Our hearts are with our French brothers over Notre Dame fire: Grand Imam of Al-Azhar

French police have yet to identify the reason of the fire. (AFP)
Updated 16 April 2019

Our hearts are with our French brothers over Notre Dame fire: Grand Imam of Al-Azhar

  • The Grand Imam tweeted in three different languages
  • French President pledged to rebuild the cathedral

DUBAI: Sheikh Ahmed Al-Tayeb, the Grand Imam of Al-Azhar, Egypt’s leading Islamic institute, has expressed sadness over the fire that devastated large parts of the historic Notre-Dame cathedral in Paris.
“I feel so sorry for the massive fire at the historical architectural masterpiece ‘Notre-Dame Cathedral’ in Paris, our hearts go out to our brothers in France, they deserve our full support,” in a tweet.

Al-Tayeb also tweeted the same message in Arabic and French.

The fire is suspected to have started in the 850-year-old cathedral’s attic, where restoration works are being done.

The French fire brigade have yet to officially confirm the cause of the massive blaze, which destroyed the famous tourist attraction’s iconic spire and oak wood roof.

Firefighters managed finally to control of fire during the early hours of Tuesday.

The French President Emmanuel Macron, speaking from the scene, described the blaze as a “terrible tragedy” although the “worst had been avoided,” and promised Parisians that they will “rebuild this cathedral together.”

“Let’s be proud, because we built this cathedral more than 800 years ago, we’ve built it and, throughout the centuries, let it grow and improved it. So, I solemnly say tonight: we will rebuild it together,” Macron told reporters.

The sense of shock at the damage was palpable and also stirred reactions from governments across the world.

In a rare statement, Britain's Queen Elizabeth II said she was "deeply saddened", while Pope Francis sent his hopes that Notre-Dame "may once again become, thanks to reconstruction work and the mobilisation of all, a jewel in the heart of the city." The Queen's son, Prince Charles, also shared his thoughts.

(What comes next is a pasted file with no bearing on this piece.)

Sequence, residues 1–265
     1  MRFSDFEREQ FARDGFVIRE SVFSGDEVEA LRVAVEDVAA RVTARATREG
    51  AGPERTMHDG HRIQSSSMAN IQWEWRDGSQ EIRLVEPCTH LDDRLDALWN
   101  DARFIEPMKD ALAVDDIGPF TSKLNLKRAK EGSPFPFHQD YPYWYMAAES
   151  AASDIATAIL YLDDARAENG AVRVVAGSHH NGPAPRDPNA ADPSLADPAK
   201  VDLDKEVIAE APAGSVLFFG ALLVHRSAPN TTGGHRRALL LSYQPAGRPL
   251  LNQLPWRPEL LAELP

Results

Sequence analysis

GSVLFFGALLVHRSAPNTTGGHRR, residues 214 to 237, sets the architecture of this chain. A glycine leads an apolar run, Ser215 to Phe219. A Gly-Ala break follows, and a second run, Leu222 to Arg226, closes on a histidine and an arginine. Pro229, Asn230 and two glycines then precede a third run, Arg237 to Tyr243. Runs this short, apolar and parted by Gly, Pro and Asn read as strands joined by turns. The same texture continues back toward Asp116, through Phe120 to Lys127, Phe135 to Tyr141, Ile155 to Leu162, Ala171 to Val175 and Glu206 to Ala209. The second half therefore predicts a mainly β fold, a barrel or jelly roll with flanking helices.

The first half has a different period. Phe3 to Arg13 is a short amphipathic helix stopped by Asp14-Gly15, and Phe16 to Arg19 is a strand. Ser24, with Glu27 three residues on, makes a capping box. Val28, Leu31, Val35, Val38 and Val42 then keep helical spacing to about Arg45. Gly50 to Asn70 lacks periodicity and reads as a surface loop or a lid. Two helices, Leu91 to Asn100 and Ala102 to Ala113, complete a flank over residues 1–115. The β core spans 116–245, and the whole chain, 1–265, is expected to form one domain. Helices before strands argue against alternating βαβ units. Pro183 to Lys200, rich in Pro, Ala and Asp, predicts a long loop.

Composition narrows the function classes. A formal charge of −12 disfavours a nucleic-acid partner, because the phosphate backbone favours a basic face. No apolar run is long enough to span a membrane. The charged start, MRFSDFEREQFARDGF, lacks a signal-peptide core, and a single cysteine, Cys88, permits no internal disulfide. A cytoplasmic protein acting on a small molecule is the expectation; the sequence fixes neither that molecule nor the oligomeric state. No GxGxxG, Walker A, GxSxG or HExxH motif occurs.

Japanese Prime Minster Shinzo Abe sent a message saying his country would consider sending support. Russian President Vladimir Putin said in a message published on the Kremlin's website that the tragedy "struck a chord in the hearts of Russians." He called Notre Dame a "priceless treasure of Christian and world culture" and said Russia is ready to send the "best specialists" to help rebuild it.

Elsewhere, Lebanon's Prime Minister Saad Hariri expressed sadness over the fire he described as a "heritage and humanitarian disaster." Hariri added in a tweet late Monday that Lebanon expresses strong solidarity with the "friendly French people."

 


World’s oldest man dies in Japan at 112

Updated 25 February 2020

World’s oldest man dies in Japan at 112

  • Chitetsu Watanabe, who was born on March 5, 1907 in Niigata, north of Tokyo, died on Sunday at his nursing home
  • The news came less than two weeks after Watanabe was officially recognized by Guinness World Records

TOKYO: A Japanese man recently named the world’s oldest living male has died aged 112, a local official said Tuesday.

Chitetsu Watanabe, who was born on March 5, 1907 in Niigata, north of Tokyo, died on Sunday at his nursing home in the same prefecture, the official said.

The news came less than two weeks after he was officially recognized by Guinness World Records.

Watanabe, who had five children, said the secret to longevity was to “not get angry and keep a smile on your face.”

He admitted a penchant for sweets such as custard pudding and ice cream.

The oldest man in Japan is now Issaku Tomoe, who is 110 years old, according to Jiji Press, although it was not clear if Tomoe holds the title globally.

The oldest living person is also Japanese, Kane Tanaka, a 117-year-old woman.

Japan has one of the world’s highest life expectancies and has been home to several people recognized as among the oldest humans to have ever lived.

They include Jiroemon Kimura, the longest-living man on record, who died soon after his 116th birthday in June 2013.

The oldest verified person — Jeanne Louise Calment of France — died in 1997 at the age of 122, according to Guinness.